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Exercise capacity and VO2 in heart failure

Author
Ileana L Piña, MD, MPH
Section Editor
Stephen S Gottlieb, MD
Deputy Editor
Susan B Yeon, MD, JD, FACC

INTRODUCTION

Limitation of exercise capacity is one of the cardinal manifestations of heart failure (HF), varying directly with the severity of the disease. Thus, decreased maximal exercise capacity is associated with decreased patient survival. Exercise training may have a variety of benefits, including an improvement in quality of life, reduced hospitalization, and improved survival. (See "Cardiac rehabilitation in patients with heart failure".)

The methods used to measure exercise capacity, the factors that limit exercise capacity in HF, and the use of measurement of peak exercise capacity (also called functional exercise testing) to predict prognosis will be reviewed here. This discussion is generally consistent with the 2000 recommendations published by the European Society of Cardiology [1] and the 2010 clinician’s guide to cardiopulmonary testing published by the American Heart Association [2]. Cardiopulmonary exercise testing and the effects of exercise training in patients with HF are discussed separately. (See "Functional exercise testing: Ventilatory gas analysis" and "Cardiac rehabilitation in patients with heart failure".)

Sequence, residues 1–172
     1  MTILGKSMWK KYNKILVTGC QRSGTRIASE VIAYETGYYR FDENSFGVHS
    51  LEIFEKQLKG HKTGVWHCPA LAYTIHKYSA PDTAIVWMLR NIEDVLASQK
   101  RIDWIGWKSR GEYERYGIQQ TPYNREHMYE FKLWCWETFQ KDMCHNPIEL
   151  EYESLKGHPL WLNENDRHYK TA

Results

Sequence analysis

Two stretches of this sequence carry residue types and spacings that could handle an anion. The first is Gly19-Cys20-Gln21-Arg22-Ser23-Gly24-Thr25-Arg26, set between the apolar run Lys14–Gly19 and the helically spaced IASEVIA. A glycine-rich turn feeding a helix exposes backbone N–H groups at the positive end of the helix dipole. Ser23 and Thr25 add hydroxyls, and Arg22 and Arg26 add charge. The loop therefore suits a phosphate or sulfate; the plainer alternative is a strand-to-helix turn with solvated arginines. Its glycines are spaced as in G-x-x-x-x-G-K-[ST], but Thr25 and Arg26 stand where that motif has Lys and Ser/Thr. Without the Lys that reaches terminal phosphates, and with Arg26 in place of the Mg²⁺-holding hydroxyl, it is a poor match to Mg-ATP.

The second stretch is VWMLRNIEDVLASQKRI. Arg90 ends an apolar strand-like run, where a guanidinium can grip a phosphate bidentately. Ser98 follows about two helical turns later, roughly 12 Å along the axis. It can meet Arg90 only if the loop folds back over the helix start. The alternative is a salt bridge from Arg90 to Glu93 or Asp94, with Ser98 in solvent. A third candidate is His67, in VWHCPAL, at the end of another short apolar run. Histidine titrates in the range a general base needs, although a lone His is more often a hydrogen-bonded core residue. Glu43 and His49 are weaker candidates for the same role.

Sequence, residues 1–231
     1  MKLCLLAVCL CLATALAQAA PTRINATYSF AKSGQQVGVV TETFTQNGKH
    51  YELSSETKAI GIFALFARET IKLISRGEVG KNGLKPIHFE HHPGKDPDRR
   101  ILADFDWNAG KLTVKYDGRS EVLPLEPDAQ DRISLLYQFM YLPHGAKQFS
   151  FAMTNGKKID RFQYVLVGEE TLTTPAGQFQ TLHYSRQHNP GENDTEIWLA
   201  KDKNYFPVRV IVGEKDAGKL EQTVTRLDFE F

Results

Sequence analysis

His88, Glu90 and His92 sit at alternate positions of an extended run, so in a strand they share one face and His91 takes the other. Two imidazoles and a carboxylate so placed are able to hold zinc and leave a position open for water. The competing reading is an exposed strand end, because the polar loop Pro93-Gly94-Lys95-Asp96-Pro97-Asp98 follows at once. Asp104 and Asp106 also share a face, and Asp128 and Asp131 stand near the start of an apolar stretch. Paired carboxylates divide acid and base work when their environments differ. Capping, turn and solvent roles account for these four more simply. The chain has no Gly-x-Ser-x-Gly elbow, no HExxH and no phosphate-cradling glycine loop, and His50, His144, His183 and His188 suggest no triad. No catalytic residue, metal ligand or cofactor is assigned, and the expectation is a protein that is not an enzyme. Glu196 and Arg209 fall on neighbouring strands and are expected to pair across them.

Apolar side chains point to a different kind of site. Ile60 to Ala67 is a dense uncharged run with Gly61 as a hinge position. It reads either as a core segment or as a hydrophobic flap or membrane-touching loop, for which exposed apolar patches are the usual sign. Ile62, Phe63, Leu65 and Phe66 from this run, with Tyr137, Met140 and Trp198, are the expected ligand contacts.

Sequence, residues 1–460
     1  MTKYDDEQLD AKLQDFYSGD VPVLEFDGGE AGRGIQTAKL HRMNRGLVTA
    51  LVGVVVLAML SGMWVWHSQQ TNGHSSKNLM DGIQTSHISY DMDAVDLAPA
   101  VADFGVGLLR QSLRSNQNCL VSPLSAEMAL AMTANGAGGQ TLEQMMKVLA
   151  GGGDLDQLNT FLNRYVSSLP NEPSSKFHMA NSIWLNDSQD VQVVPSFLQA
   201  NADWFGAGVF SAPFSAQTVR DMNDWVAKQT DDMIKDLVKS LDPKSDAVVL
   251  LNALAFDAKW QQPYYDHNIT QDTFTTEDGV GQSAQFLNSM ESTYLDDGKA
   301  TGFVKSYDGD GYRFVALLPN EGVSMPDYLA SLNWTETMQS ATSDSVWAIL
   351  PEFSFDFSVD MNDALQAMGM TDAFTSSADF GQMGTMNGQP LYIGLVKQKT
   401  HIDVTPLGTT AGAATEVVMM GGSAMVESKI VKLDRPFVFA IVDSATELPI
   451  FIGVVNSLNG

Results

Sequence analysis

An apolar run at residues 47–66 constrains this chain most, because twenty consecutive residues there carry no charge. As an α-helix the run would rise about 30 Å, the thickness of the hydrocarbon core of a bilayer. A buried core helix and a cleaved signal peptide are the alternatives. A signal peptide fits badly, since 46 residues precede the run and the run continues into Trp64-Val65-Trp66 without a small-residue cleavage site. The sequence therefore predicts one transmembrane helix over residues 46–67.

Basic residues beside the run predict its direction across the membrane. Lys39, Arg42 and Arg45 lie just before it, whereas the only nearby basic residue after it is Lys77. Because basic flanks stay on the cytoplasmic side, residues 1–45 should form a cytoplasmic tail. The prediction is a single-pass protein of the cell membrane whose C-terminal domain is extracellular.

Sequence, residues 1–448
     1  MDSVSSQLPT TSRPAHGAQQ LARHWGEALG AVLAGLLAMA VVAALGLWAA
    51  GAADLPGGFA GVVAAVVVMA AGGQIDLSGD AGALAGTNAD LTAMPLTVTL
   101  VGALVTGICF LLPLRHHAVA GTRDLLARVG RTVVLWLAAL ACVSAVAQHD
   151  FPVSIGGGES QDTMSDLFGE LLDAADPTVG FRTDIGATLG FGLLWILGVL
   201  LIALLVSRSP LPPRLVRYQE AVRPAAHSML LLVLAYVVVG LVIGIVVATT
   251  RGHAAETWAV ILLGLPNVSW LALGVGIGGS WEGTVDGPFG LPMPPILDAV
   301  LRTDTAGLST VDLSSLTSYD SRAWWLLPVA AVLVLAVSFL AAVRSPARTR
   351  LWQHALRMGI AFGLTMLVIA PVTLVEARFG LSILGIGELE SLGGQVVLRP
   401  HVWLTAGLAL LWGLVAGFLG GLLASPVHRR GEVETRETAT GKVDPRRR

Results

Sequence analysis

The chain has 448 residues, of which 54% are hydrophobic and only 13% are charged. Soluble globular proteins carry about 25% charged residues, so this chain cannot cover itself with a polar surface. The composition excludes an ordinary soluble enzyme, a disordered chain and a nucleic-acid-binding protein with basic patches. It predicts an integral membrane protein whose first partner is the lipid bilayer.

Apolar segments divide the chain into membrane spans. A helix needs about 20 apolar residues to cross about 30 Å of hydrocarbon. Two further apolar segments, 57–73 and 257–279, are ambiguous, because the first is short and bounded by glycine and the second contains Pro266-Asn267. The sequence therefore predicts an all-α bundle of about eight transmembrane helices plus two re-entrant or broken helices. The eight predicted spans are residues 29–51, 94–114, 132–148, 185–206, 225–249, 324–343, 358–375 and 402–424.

MEASUREMENT OF EXERCISE CAPACITY

Peak exercise capacity is defined as "the maximum ability of the cardiovascular system to deliver oxygen to exercising skeletal muscle and of the exercising muscle to extract oxygen from the blood" [3]. As a result, exercise tolerance is determined by three factors: pulmonary gas exchange; cardiovascular performance, including the peripheral vascular tree; and skeletal muscle metabolism. (See "Exercise physiology".)

Peak VO2 — Exercise capacity can be quantitated clinically by measurement of oxygen uptake (Vo2), carbon dioxide production (Vco2), and minute ventilation [4]. These parameters are measured during exercise with rapidly responding gas analyzers capable of breath-by-breath determination of O2 and CO2 concentrations in inspired and expired air, respectively. The maximal oxygen uptake (Vo2max) eventually reaches a plateau despite increasing workload (figure 1). Not surprisingly, Vo2max has a strong linear correlation with both cardiac output and skeletal muscle blood flow (figure 2) [5]. (See "Functional exercise testing: Ventilatory gas analysis".) The peak VO2 divided by the heart rate (peakVo2/HR) is called the oxygen pulse and is an indirect measure of stroke volume.

The relationship between cardiac output and O2 uptake (or oxygen consumption) also forms the basis for the Fick equation used to measure cardiac output:

                   

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Literature review current through: Nov 2016. | This topic last updated: Tue Aug 04 00:00:00 GMT+00:00 2015.
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